While the errant son had wasted his father’s money, his father, nonetheless, maintained unbroken love for his son. The son, while he was away, learned a lot about himself. And he realized that his father had given him love which he had not returned. He had yet to learn about the depth of his father’s love for him. His deep humiliation at finding himself obliged to feed on the husks of pigs and his reflection on all he had lost, led to his repentance and decision to declare himself guilty before his father.  While he hoped for reconciliation with his father, he could not have imagined a full restoration of relationship. The father did not need to speak words of forgiveness to his son; his actions spoke more loudly and clearly! The beautiful robe, the ring, and the festive banquet symbolize the new life – pure, worthy, and joyful – of each and every person who returns to their heavenly Father.

The prodigal could not return to the garden of innocence, but he was welcomed and reinstated as a son. The errant son’s dramatic change from grief and guilt to forgiveness and restoration express in picture-language the resurrection from the dead, a rebirth to new abundant life from spiritual death and corruption.

The parable also contrasts mercy and forgiveness with its opposite – an unwillingness to forgive and be reconciled. The father who had been wronged, was forgiving and merciful towards the younger repentant son. But the eldest son, who had not been wronged, was unforgiving and refused to be reconciled with his brother.  His refusal to forgive turns into contempt and pride. And his resentment leads to his isolation and estrangement from the community of forgiven sinners.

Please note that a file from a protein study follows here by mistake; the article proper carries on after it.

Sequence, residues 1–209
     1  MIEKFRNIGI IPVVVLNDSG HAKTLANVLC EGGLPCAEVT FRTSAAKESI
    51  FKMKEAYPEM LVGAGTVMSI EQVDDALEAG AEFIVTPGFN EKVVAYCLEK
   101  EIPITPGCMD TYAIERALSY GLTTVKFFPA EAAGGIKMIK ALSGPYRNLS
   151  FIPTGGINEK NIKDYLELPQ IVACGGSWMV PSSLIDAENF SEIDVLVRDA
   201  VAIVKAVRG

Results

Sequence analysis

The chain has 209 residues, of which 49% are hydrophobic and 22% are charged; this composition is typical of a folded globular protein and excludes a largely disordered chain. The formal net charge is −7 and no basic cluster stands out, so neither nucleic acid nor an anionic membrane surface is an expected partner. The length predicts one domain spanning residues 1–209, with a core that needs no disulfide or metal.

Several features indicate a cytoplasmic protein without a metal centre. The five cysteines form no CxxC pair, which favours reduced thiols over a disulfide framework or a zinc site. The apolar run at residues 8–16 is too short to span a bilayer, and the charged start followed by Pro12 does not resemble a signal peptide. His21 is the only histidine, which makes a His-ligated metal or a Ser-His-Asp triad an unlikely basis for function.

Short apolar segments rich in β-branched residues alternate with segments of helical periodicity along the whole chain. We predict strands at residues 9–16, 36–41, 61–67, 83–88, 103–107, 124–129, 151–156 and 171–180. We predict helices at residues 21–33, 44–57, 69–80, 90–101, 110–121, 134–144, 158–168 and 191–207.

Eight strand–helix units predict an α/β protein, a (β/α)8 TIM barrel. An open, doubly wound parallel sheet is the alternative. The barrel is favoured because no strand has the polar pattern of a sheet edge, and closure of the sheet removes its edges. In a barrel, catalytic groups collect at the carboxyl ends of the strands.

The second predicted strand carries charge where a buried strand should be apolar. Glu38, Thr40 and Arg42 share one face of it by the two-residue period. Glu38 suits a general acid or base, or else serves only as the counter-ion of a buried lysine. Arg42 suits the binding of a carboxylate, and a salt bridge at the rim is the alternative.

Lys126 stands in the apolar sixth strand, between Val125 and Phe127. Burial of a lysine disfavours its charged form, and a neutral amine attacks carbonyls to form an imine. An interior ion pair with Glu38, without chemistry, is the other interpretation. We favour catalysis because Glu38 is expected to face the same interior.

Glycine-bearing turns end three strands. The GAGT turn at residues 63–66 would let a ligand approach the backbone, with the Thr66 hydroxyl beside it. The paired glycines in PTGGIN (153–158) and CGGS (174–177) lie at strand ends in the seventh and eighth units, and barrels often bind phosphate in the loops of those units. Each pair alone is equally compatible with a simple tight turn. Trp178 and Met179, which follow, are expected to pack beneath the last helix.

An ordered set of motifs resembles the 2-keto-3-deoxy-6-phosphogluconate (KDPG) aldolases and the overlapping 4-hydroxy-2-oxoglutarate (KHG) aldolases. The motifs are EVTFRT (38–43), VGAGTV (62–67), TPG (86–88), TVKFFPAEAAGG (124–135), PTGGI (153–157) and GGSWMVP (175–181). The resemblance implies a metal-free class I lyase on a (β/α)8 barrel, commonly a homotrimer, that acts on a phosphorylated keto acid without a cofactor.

In this parable Jesus gives a vivid picture of God and what God is like. God is truly generous, kind, and forgiving towards us. He does not lose hope or give up when we stray from him and his commandments. He searches our hearts to lead us in the way everlasting (Psalm 139:1, 23-24). And he always rejoices in in finding the lost and welcoming them home. Do you know the joy of the heavenly Father who welcomes you home to his kingdom of everlasting righteousness, peace, and joy in the Holy Spirit?

“Lord Jesus, may your light dispel the darkness of sin, deception, and ignorance, so that all who are lost or confused may find their way to the Father’s home and be united with him in a bond of peace and friendship. Transform my heart with your merciful love that I may point many others to the good news of joy and new life which you offer to all who put their trust in you, the Good Shepherd and Savior of the world.” http://www.rc.net/wcc/readings/sep11.htm  www.dailyscripture.net author Don Schwager © 2016 Servants of the Word